"When you visit Chinese homes, you'll find a basin with eight segments that each hold traditional sweets and snacks—candied lotus seeds and melon seeds, as well as jellies and peanuts," says Lim. "All of them have their own significance. [Seeds, for example, are associated with plenty.] You snack on them while you sit and drink tea."
Try it here Buy melon seeds and seasonal sweets at Hong Kong Supermarket.
Ba bao fan
Wu has fond memories from his childhood in Shanghai of this colorful sticky rice dessert. "The name means 'rice with eight treasures,'" he says. "It's made with glutinous rice and syrup, and the rice is [decorated] with the eight sweet items—dates, raisins, lotus seeds... Very sticky, and very delicious."
Try it here Since moving to Queens 20 years ago, Wu and his family have gotten their fill of ba bao fan at Tung Shing House (it's available on the la carte menu).
While lobster is not as common as crab in Asia, it is a delicacy that holds special significance on celebratory menus. The Chinese word for lobster literally means "dragon shrimp," making it particularly apropos for the Year of the Dragon. When served with roasted chicken, the poultry evokes the image of a phoenix—the feminine counterpart of the dragon in marital mythology.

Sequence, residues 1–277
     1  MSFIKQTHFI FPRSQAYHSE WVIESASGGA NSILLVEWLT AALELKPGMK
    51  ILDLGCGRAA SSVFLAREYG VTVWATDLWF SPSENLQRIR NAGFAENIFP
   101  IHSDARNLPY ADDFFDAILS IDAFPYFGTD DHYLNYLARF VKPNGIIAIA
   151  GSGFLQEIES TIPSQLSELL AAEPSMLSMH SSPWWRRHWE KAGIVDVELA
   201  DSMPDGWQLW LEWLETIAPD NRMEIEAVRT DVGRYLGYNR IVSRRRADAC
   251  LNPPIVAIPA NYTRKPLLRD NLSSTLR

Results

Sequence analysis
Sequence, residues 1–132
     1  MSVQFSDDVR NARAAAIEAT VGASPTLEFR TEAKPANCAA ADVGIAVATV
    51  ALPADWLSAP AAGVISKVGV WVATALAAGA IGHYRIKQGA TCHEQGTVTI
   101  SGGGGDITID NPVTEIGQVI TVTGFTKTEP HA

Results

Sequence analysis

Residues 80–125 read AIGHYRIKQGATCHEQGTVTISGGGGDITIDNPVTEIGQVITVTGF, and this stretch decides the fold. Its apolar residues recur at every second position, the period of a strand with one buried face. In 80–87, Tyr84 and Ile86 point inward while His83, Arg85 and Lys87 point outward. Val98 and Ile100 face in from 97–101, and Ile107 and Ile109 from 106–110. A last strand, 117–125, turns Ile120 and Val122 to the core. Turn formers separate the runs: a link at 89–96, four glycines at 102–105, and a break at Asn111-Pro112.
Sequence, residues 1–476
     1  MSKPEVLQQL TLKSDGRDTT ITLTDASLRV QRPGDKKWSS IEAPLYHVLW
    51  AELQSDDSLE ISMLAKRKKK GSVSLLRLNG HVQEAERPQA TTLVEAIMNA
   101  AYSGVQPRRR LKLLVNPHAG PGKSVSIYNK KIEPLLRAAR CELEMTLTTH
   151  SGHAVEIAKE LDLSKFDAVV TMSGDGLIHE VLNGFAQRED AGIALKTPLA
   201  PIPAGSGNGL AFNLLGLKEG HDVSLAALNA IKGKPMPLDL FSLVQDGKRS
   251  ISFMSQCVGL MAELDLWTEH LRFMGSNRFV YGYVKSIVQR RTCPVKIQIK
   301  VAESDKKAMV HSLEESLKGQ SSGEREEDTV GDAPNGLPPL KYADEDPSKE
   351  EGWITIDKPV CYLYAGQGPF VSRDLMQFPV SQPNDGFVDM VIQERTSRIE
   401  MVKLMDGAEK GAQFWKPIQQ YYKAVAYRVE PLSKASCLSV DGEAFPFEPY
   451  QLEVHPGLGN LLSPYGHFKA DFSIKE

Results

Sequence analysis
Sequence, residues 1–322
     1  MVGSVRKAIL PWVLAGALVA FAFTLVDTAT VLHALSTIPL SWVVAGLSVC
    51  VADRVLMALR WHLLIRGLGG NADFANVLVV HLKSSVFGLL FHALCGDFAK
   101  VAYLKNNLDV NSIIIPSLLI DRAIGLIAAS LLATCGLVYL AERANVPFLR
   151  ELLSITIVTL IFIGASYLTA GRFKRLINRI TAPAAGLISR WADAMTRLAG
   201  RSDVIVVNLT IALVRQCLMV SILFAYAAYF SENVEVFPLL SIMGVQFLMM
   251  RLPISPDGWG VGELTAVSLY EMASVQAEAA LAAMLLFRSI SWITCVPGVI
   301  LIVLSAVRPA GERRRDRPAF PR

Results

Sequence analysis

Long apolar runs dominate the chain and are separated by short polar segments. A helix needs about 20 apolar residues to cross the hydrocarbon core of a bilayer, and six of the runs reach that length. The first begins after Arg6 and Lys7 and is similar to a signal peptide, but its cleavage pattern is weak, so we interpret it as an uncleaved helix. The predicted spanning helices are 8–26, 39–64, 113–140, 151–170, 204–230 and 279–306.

Try it here Tung Shing House serves two lobsters stir-fried in a ginger-scallion sauce as part of its New Year's feast (the dish, shuang long he sui, translates as, "double dragons greet the New Year"). In Manhattan, take your pick of live lobsters at Three Oceans Restaurant (53 Bayard St between Bowery and Elizabeth St, 212-385-9988).
"In the south, we don't usually eat dumplings, but during the last ten days of the year every single family is making [them]," says Lei Zhang. "They're sweet dumplings, with [fillings like] sugar, peanuts and sesame." Sweet, round balls made from glutinous rice are also found in a dessert soup called tang yuan; when said aloud, it sounds like the words for "[family] reunion."